Don’t count on a debate between U.S. Sen. Ted Cruz, R-Texas, and his challenger, U.S. Rep. Beto O’Rourke, D-El Paso, just yet.
Cruz had suggested five debates, starting with Friday in Dallas. The other proposed dates were Sept. 14 in McAllen, Sept. 21 in San Antonio, Oct. 5 in Houston and Oct. 12 in Lubbock, all Fridays.
O’Rourke’s counteroffer called for the first debate to be moved to October, at least three of the five meetings to occur on a Sunday or a weeknight other than Friday and a sixth debate in El Paso. Cruz’s campaign manager, Jeff Roe, told O’Rourke in a July 27 letter that the senator’s debate plan “isn’t an open negotiation” but was open to an El Paso meeting.
O’Rourke told reporters Monday in Austin he wouldn’t be debating Friday.
“We have been trying to work with the Ted Cruz campaign on mutually agreed upon dates, locations, times, format, issues that can be discussed,” he said. “Those negotiations are ongoing, and I’m confident we’re going to come to a resolution and have debates in Texas.”
Cruz’s campaign had dictated the terms of debate, O’Rourke said.
“Our response was we want to work with you but this has to be a collaboration; it cannot be dictated to. So let’s sit down and talk,” O’Rourke said. “And so only recently have we begun those conversations. I’m confident that out of that will come a series of debates. More than one.”
Cruz told reporters Monday in Dallas he doesn’t know where things stand on the debates.
“Beto O’Rourke seems not to want to debate,” he said. “The first debate was supposed to be here in Dallas on Friday. I’d accepted it. I’m prepared right now to come to Dallas on Friday and do the debate, but the O’Rourke campaign has turned it down. It seems Beto O’Rourke doesn’t want to come debate. Now, I assume we will see some debates, but I don’t know how many. They seem very reluctant to engage.”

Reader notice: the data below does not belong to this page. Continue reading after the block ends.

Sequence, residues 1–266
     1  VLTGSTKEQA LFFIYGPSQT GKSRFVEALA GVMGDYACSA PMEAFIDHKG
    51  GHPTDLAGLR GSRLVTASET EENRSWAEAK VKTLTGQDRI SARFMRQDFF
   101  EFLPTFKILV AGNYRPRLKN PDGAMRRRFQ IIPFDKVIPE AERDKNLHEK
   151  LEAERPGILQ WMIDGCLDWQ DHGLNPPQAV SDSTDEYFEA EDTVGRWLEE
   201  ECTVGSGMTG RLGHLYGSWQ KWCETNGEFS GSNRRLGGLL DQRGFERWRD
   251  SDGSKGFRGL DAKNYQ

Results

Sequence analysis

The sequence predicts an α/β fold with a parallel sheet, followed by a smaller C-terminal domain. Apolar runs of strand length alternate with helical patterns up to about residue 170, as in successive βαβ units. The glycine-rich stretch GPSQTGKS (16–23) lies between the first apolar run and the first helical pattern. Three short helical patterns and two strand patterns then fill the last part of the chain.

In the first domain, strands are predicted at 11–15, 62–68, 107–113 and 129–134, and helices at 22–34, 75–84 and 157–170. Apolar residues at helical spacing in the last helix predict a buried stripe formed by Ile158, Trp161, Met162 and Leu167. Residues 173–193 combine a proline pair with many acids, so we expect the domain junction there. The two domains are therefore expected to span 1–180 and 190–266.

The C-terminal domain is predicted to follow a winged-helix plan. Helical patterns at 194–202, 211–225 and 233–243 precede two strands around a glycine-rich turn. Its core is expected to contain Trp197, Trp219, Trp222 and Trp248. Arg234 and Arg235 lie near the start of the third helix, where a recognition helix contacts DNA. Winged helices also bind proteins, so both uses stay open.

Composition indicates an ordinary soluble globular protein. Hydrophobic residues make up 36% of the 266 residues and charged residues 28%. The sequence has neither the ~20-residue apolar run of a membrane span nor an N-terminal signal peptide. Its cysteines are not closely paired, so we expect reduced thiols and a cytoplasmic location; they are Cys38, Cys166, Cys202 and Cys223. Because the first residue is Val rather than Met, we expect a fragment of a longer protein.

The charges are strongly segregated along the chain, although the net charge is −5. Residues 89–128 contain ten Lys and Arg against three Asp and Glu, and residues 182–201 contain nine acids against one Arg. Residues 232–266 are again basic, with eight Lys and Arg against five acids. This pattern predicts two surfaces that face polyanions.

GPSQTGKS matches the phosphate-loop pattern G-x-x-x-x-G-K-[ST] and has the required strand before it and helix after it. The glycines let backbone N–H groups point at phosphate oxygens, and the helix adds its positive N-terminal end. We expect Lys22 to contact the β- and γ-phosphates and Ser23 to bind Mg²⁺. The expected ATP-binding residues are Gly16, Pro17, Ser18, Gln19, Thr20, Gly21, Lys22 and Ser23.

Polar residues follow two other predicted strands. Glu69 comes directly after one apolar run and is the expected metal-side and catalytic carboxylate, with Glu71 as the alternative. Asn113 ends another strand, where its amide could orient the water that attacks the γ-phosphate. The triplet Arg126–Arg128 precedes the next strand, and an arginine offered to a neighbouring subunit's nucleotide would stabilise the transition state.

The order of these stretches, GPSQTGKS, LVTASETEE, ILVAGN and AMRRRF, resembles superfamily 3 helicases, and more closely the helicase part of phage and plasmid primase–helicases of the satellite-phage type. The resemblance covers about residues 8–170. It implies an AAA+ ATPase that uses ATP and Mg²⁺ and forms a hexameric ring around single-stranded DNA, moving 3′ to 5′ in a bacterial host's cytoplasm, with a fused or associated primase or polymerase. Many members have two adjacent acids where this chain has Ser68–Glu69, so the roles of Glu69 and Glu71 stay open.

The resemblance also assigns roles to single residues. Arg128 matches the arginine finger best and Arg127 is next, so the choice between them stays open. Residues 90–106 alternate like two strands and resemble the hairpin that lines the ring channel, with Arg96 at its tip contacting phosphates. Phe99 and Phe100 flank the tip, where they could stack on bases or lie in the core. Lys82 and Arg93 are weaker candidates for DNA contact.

Abbott vs. Valdez
In the race for governor, former Dallas County Sheriff Lupe Valdez said Monday she will debate Gov. Greg Abbott on Sept. 28 in Austin, according to a campaign news release.
Valdez initially declined to participate because it was on a Friday evening during football season and didn’t include Spanish-language components, among other things. Now, Nexstar Media Group will broadcast the debate live across numerous Texas stations and online, and Telemundo also will carry the debate and “provide a moderator and instantaneous Spanish translation,” the Valdez campaign said.
“After pressure from the Valdez campaign, Abbott conceded to include a Spanish language media partner to broadcast, moderate and translate the debate,” the campaign said in a statement.
Abbott’s campaign pushed back on Valdez’s characterization of the debate agreement.
“In a desperate attempt to show signs of life, our opponent’s campaign has finally agreed to debate after months of snubbing voters,” Abbott campaign spokesman John Wittman told the American-Statesman on Monday. “Lupe Valdez’s decision is not surprising given the grim public polling data, stories about losing her sheriff-issued gun and paltry crowds at her campaign events. Let us be clear – there have been zero concessions made by our campaign or by the hosts of the debate. This is another instance of Lupe Valdez being liberal with the truth.”